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Illustrator/Cartoonist Wanted
I'm about to do a "Steven King" and publish/sell a new book through the Web. What I'm looking for is someone who's good at drawing cartoons to do the illustrations.

They also need to be somewhat entrepreneurial because I'm offering a share of the money earned rather than a big wad of cash up front. The royalty share will also include any hardcopy versions if it's picked up by my print publisher.

If you think you've got what it takes, let me know

Marketing Your Website Part 6 27 July 2000 Edition
Previous Edition

Free Advertising
As my recent survey of Aardvark readers confirmed, the most effective form of advertising is getting a mention and a link in an online news story. Readers said that they were many times more likely to click on such a link than on banner ads.

But how do you get online news sites to write a story about your site?

Why you send out a press release of course!

Well I've got to say that it's not quite that easy -- but, when done correctly, this can be a great way of getting some free advertising of the most effective kind.

The first thing you must do is create or do something that's newsworthy. News sites aren't going to bore their readers to death by writing a story about yet another small online store selling craft products -- unless -- it's doing something really different.

As the editor/publisher of Aardvark I receive several press releases every day and, although I tend to publish all the relevant ones, it's not often that one moves me to write a story or editorial about it. Many of them are also blatantly commercial -- those ones don't even make it to the Aardvark Press Bin page.

I'm not going to go into the details of how to write a good press release, there are many 4 other excellent resources out there on the Net that will help you with that task. However, as someone who has been the editor of multiple online news sites, I will offer some of my own tips.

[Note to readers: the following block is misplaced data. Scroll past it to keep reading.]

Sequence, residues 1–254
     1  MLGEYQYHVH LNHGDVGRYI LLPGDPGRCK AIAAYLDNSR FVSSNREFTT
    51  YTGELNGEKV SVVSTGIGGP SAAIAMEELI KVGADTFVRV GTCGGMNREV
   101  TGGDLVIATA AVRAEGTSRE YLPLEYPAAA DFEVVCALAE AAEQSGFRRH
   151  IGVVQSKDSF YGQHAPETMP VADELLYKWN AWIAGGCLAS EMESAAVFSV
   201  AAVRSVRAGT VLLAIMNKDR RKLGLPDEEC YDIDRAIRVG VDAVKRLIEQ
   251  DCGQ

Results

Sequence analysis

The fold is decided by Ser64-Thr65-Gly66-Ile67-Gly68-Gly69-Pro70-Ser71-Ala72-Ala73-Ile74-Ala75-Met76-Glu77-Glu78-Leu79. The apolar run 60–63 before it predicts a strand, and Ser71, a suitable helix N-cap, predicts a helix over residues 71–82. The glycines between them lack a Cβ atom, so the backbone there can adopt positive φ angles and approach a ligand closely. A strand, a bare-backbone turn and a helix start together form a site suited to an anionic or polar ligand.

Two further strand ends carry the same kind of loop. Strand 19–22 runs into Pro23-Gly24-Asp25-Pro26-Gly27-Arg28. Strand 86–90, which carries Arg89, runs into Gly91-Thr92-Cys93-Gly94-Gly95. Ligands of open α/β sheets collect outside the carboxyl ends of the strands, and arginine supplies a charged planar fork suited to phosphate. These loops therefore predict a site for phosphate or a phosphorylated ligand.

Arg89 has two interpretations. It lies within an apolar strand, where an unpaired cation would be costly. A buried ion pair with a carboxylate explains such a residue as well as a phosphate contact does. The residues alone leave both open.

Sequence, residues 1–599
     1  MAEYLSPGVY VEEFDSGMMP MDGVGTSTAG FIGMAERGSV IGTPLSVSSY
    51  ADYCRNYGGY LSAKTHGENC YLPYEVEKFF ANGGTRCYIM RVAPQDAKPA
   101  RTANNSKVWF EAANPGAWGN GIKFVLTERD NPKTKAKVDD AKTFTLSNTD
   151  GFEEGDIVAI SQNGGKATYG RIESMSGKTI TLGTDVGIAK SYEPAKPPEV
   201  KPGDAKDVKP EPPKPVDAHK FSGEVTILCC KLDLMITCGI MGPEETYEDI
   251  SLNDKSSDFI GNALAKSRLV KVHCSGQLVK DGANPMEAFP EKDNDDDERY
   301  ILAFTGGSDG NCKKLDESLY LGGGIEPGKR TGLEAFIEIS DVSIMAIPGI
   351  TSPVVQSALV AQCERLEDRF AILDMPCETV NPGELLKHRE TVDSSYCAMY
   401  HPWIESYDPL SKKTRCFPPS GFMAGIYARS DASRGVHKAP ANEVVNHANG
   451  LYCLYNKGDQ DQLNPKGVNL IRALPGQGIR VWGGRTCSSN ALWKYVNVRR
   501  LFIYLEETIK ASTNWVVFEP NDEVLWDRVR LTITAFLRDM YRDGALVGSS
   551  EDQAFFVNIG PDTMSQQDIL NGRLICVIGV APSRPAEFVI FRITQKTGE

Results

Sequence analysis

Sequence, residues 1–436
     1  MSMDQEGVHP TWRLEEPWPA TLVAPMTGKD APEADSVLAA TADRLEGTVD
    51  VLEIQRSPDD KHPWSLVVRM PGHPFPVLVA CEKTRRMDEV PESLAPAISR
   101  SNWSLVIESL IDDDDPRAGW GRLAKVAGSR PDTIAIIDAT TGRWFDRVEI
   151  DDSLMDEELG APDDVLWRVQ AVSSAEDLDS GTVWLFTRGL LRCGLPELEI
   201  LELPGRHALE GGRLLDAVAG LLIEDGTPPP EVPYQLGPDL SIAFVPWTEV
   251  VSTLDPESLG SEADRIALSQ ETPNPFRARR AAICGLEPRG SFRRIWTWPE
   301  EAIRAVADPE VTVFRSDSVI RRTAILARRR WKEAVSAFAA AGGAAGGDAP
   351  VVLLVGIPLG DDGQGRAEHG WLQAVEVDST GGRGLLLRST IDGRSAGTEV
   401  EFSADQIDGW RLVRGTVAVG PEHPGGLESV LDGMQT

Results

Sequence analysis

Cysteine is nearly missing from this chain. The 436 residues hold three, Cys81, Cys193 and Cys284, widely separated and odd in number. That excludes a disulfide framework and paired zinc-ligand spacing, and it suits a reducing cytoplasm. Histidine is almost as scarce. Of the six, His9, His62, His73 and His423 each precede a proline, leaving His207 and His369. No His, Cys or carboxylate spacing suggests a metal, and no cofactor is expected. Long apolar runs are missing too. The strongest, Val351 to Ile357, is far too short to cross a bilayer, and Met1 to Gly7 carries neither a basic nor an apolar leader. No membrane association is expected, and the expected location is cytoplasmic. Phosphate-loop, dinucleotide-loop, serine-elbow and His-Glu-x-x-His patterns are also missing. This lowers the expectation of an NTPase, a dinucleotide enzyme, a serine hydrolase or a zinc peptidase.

1. Keep it short -- the likelihood that your PR will be read by a busy editor is probably inversely proportional to the number of words it contains. If an editor decides to run a story on your PR they'll contact you to get extra information if they need it.

  2. Grab em by the throat -- on a busy day, even the shortest PR won't make it past the editor's desk unless you're able to convince him within the first sentence or two that there's a story here. In fact, the first thing an editor wants to know about any PR is why it is newsworthy -- hence my own PRs start with a heading: Why This Release Is Newsworthy, followed by a single sentence that gives the reason.

  3. Make it easy -- editors and writers are busy people, if your PR won't require major reworking to covert to a news story then you're more likely to get some coverage on a busy day.

  4. Skip the fancy formatting -- most certainly ensure that your PR is well laid out and easy to read -- but don't be tempted to use bolding, underline and multiple fonts and sizes of text. KISS!

  5. Don't advertise -- nothing gets a PR binned quicker than a pitch which is clearly just an advertisement. Remember -- it has to be newsworthy!

  6. Include the URL! -- yes, on a number of occasions I've received PRs for a website that have not mentioned the URL where that site can be found. If you're sending your PR by email, include a convenient link in the body of the email.

Another thing to remember is that, since all editors and writers are overworked and underpaid (trust me, I know), don't expect them to jump through hoops in order to decode your email.

It's not smart to send PRs as MS Word document files -- not everyone believes in the cult of the Gates and even if they do, MS Word files tend to slow down the process by requiring a virus-scan and stripping of all your sill fonts and formatting.

If you really feel that you must send your PR in MS Word format, please make sure you include a plain ASCII text version in the body of your email as well -- and don't send an HTML-formatted email -- just use plain old text!

Don't forget to include your phone number -- if you do make it past the editor's desk then chances are a writer will want to call and get more information.

Tomorrow I'll try to give you some ideas as to how you can turn a boring, mundane announcement into an "event" worthy of a press release.

Continued tomorrow...

As always, your feedback is welcomed.

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